"A problem shared is a problem halved": Supporting early career science teachers to implement flipped learning
Steve Griffiths, Chris Campbell and Christine V. McDonald
Griffith University, Australia
There is widespread support in the educational reform literature for learner-centred teaching practices, such as flipped learning, that emphasise academic rigour in a caring, supportive environment. These practices are typically emphasised during teacher training. However, when faced with the myriad challenges of beginning to teach, the early career teacher will often avoid ambitious, learner-centred pedagogies and revert to less challenging, teacher-centred practices. This study employed a longitudinal, case study research design to investigate how three early career science teachers implemented flipped learning, when supported with flipped learning curricular resources. Results indicate that the teachers were successful in implementing flipped learning and learner-centred practices in their first year of teaching. The flipped learning curricular resources supported the professional learning and learner-centred teaching practices of all of the early career teachers. This research has implications for sharing of curricular resources to support teacher professional learning and learner-centred teaching practices. From this study recommendations have been made for implementing flipped learning during emergency remote teaching.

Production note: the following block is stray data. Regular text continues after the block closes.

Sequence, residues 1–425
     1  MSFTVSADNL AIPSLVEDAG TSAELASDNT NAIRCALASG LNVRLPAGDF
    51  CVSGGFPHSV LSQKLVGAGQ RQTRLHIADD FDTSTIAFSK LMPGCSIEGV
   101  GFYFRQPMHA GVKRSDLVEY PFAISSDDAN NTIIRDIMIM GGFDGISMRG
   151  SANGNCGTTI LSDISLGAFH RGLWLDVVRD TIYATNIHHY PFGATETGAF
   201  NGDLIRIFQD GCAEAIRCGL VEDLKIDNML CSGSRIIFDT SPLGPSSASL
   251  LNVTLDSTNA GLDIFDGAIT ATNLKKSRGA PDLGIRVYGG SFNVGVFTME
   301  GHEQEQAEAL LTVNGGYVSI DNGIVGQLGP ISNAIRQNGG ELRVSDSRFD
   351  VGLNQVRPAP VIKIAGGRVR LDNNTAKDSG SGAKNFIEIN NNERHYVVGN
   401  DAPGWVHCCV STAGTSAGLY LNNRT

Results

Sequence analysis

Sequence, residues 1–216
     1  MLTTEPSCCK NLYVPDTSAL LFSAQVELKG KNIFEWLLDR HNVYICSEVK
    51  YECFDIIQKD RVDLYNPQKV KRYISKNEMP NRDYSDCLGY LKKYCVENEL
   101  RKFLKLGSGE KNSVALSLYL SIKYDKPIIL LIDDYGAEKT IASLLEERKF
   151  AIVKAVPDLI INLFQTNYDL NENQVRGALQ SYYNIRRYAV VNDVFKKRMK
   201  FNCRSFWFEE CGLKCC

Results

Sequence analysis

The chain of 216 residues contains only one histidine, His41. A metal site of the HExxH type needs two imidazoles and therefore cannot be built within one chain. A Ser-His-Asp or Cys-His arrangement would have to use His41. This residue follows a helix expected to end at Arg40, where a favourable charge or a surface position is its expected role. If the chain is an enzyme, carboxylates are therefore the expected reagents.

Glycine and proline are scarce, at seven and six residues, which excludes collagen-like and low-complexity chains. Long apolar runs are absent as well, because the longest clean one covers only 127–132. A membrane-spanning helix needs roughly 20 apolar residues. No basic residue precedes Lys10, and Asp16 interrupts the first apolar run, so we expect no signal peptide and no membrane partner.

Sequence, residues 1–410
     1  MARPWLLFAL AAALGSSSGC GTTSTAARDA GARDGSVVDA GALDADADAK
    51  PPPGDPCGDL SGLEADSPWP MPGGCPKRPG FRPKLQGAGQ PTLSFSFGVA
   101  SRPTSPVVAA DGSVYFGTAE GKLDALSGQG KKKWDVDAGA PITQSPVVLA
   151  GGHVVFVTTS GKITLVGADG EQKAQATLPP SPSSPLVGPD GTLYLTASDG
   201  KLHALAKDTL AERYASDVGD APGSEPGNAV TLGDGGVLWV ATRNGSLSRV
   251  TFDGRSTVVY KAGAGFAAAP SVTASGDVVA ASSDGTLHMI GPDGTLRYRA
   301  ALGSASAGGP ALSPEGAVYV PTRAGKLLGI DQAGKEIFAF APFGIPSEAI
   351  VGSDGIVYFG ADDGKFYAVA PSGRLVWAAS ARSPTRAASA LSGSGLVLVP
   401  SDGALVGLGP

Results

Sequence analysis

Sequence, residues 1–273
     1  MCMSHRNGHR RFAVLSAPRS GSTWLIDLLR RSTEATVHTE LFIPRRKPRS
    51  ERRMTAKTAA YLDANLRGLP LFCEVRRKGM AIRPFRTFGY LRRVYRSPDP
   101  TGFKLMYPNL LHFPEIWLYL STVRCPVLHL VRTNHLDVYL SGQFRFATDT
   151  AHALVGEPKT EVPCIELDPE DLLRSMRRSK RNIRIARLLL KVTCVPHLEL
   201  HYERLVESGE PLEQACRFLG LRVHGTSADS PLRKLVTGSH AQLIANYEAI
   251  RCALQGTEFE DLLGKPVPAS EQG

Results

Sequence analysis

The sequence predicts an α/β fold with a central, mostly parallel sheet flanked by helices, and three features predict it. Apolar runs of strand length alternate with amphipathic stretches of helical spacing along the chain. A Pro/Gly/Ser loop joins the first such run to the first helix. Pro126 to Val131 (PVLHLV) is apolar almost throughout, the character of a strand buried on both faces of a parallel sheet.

[ PDF full text for this article ]
|Authors: Steven Griffiths (corresponding author) is a doctoral candidate in Arts, Education and Law at Griffith University, Brisbane, Queensland, Australia. Steve is interested in using flipped learning to support active, learner-centred pedagogy in junior high school science.|
Dr Chris Campbell is a Senior Lecturer in Learning Innovation in Learning Futures/Griffith Online at Griffith University, Queensland. As an emerging research leader, she has been involved in numerous grants and projects around digital and emerging educational technologies. Chris' skills in implementing and trialling new technologies are well documented.
Professor Christine McDonald is PVC for Arts, Education and Law at Griffith University, Queensland. She is a science educator interested in enhancing the scientific literacy of all learners and her research program explores how epistemic cognition in science is conceptualised by teachers and students and represented in science education curriculum materials.
Please cite as: Griffiths, S., Campbell, C. & McDonald, C. V. (2021). "A problem shared is a problem halved": Supporting early career science teachers to implement flipped learning. Issues in Educational Research, 31(2), 495-512. http://www.iier.org.au/iier31/griffiths-s.pdf